The Trump administration sued California’s State Water Resourced Control Board (SWRCB) in federal court in Sacramento on Thursday, escalating a legal war over the fate of the water in the San Joaquin River valley system.
The San Joaquin River and its tributaries provide crucial water supplies to farming communities in the Central Valley — and also provide the vast majority of the drinking water supply to San Francisco and surrounding areas.
However, environmentalists, fishing interests, and Native American communities have claimed that overuse of the river system’s waters has resulted in a steep decline in native fish populations in the San Joaquin-Sacramento Delta.
Last December, the SWRCB approved a controversial plan that would require the San Joaquin River and its tributaries to maintain an average of 40% of “unimpeded flow,” i.e. the flow that would exist in the river system without human activity, for the late winter and spring months of February through June.
Environmentalists argued the plan does not go far enough, saying 60% of unimpeded flow would have been necessary to make a real difference in boosting fish populations. Farmers countered that other factors are affecting fish populations, including predation by non-native fish species in the Delta.
The board approved the plan despite efforts by then-Governor Jerry Brown and incoming Governor Gavin Newsom to broker voluntary water conservation agreements between the state and the local water districts that would involve fewer restrictions. The Trump administration was also critical of the plan, and Republicans urged the administration to block it.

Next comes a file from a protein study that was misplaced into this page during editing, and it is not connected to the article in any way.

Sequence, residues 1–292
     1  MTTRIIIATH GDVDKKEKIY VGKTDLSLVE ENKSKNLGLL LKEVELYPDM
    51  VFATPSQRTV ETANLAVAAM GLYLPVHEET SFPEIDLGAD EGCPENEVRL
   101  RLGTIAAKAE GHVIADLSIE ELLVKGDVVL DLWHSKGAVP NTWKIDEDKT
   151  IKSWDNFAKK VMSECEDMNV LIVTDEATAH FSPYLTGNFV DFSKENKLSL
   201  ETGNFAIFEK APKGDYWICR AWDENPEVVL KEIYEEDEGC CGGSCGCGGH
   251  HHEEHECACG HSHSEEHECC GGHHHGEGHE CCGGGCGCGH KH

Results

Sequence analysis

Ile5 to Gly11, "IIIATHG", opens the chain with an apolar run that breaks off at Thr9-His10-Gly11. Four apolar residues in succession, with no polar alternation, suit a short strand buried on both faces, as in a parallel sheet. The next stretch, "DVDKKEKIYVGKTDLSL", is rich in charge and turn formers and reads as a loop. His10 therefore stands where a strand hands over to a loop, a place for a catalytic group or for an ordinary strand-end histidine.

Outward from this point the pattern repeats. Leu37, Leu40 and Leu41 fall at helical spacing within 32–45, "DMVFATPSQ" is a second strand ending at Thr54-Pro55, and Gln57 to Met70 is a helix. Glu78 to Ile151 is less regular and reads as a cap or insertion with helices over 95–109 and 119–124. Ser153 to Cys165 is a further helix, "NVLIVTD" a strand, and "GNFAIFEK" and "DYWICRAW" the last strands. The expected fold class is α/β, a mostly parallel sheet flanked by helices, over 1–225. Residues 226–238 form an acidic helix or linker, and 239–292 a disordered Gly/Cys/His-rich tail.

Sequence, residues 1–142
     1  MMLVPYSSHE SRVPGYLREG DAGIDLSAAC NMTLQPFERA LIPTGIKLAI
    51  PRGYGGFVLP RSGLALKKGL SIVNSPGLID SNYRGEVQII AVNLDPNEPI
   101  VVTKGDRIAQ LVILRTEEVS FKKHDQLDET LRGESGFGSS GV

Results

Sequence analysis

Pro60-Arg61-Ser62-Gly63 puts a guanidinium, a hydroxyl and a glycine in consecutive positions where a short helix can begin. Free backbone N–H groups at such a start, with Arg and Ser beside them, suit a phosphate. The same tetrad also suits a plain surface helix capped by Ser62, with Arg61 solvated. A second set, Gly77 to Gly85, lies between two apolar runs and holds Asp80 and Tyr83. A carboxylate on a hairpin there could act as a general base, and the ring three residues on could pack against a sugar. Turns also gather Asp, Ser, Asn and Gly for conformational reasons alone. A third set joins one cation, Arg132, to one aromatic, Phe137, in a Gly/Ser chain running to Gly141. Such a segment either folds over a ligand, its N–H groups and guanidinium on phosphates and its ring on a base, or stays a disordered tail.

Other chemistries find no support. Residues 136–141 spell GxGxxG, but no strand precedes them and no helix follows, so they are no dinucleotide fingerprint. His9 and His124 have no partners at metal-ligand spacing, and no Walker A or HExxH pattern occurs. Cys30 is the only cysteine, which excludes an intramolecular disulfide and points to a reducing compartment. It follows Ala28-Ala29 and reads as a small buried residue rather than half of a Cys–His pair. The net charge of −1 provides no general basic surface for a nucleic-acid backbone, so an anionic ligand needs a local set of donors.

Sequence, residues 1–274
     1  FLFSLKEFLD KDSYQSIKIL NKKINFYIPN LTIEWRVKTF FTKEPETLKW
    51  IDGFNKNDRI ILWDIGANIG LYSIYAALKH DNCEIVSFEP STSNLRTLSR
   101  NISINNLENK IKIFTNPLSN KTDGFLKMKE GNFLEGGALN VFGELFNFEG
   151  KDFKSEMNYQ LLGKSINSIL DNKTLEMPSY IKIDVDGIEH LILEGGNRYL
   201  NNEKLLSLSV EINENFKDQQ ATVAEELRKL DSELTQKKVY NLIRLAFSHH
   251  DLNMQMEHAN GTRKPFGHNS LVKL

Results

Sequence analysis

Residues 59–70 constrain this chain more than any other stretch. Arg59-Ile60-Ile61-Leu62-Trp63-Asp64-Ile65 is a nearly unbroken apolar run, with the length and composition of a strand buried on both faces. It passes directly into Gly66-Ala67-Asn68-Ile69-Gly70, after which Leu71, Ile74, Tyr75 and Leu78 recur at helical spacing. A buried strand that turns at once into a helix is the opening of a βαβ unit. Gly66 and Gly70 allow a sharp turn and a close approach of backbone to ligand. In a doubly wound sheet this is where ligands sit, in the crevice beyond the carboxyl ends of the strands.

Once the plan was approved, the various water users — rural and urban — filed dozens of lawsuits. And one of Newsom’s first acts as governor was to replace the SWRCB’s chair, Felicia Marcus, an environmental attorney.
Now the U.S. Department of the Interior has joined the fray. The Sacramento Bee notes: “The lawsuit … says the state water board’s plan would violate California’s own environmental laws, as well as foul up the federal government’s ability to deliver water from New Melones reservoir on the Stanislaus River to member agencies of the Central Valley Project.”
The legal fights are likely to go on for years unless a comprehensive set of voluntary agreements can be reached.
Joel B. Pollak is Senior Editor-at-Large at Breitbart News. He is a winner of the 2018 Robert Novak Journalism Alumni Fellowship. He is also the co-author of How Trump Won: The Inside Story of a Revolution, which is available from Regnery. Follow him on Twitter at @joelpollak.